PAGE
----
"If the opponents came, and they said, 'Well, you can't do that! You can't throw a football in the net and get six points for it,' the Flying Fathers would pull out a rule book and say, 'Show me in this rule book where it says you can't throw the football in the net.' They'd say, 'Well, it's not in that book, so there you go.' "

"The Flying Fathers would pull out a rule book and say, 'Show me in this rule book where it says you can't throw the football in the net.' "

Frank Cosentino

And then, there was the team’s backup goalies: two horses named Patience and Penance.

"The horse had goalie pads and a clown on his back," Quinn says. "We'd give a penalty shot to the opposition, but the horse would generally make a save. ... Anyway, Father Tim Shea would ask the horse, 'Who is going to win? Is the opposition going to win?' And the horse would say, 'No,' just shaking his head. 'Flying Father’s gonna win?' He'd say, 'Yes.' By how many goals?' And the horse would start to paw: one, two, three. 'OK. That's enough.' And then, they'd say 'Why are we going to win?' And the horse would bend down like he's praying."

"It was just a delightful family night where people could enjoy being brought together as a community," Cosentino says.

Sister Mary Shooter (Courtesy Flying Fathers Hockey Club)
Sister Mary Shooter (Courtesy Flying Fathers Hockey Club)

Cosentino says the bishops were a little unsure about allowing their priests to travel the world playing hockey instead of staying in their parishes tending to their flock.

"The priests' comeback was, 'Well, we can do both,' " Cosentino says. " 'We go on our own time. We provide funds for charity. We provide entertainment for a family, so they could come as a family.' 'Praying and playing' was a motto that they used."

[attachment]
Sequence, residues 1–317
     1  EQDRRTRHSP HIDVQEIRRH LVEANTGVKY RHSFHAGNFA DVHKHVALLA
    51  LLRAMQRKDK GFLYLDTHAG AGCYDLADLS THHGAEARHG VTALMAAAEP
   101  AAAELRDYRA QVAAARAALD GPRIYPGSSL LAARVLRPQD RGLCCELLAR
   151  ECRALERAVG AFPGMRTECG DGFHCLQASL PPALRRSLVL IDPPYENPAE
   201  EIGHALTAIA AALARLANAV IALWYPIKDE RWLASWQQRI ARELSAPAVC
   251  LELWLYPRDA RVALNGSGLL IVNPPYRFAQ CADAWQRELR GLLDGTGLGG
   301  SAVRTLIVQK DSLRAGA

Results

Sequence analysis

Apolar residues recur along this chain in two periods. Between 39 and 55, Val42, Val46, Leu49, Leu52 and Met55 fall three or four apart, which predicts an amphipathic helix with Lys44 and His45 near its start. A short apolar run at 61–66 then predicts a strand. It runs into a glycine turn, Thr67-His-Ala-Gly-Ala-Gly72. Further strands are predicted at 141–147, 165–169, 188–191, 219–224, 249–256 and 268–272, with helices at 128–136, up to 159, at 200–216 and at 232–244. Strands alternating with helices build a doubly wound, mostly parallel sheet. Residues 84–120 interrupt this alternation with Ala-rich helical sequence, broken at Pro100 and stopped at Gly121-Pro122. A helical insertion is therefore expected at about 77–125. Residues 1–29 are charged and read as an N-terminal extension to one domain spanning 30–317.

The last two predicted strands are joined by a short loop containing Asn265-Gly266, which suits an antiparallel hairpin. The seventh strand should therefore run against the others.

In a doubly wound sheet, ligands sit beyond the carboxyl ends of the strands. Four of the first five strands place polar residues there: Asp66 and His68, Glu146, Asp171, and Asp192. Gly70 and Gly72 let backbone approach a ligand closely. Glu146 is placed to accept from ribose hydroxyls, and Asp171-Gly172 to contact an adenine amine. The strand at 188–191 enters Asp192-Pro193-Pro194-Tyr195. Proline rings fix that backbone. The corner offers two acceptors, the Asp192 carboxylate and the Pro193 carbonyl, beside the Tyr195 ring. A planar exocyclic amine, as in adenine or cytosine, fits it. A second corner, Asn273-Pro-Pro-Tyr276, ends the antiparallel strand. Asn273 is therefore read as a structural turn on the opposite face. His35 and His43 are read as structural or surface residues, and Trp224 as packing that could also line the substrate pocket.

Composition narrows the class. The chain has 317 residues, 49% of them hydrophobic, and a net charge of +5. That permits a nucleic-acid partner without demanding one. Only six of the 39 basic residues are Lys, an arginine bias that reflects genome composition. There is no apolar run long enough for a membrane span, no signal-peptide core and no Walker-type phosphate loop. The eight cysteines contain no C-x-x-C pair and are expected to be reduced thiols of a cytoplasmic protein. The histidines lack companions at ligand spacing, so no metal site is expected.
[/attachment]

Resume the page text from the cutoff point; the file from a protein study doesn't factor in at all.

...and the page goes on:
And, the priests said, spending this time together and meeting with people all around the world — it gave them material for their sermons; it made them better priests.

So, they kept at it.

And then, in 1979, something happened that made the Flying Fathers even more famous than they’d been before: Father Les Costello lost his toes.

"He was out partridge hunting, and I guess a storm blew in. And I guess he couldn't see his tracks," Quinn says. "And so he gets lost in the bush overnight, and he froze his feet."

"Just when all seemed like it was all going to be over for Les Costello, he blurted out, 'Martin de Porres, if you want me to keep doing some work for you, you'd better find me some help, 'cause I'm not going to last too long,' " Cosentino says. "And, within a short time, he heard a gun fired. And so he got his his rifle, too, and he fired that in the air. The search party was out looking for him, and they rescued him."

"Anyway, the bottom line is he'd had such frostbite, they had to amputate seven of his toes," Quinn says.

"So that he only had three toes," Cosentino says. "And he called them 'the Father, the Son and the Holy Ghost.'

"It became international news. There were media people from Canada, from the States, from Europe, who wanted to find out more about this priest who had his feet frozen."

A fraction of the memorabilia Frank Quinn collected over the years. (Ayesha Barmania)
A fraction of the memorabilia Frank Quinn collected over the years. (Ayesha Barmania)

Over the years, Father Costello told people that the Flying Fathers earned more than $4 million for charity. But Frank Quinn believes the team earned much more than that.

"Father Costello always said it was about families and working for charity, and it isn't about the dollar sign. So we don't really count it," Quinn says. "But it must be in the — I think — tens of millions. It has to be up there. We've played some games where they've made for charity over $250,000. Now, that's pretty good money."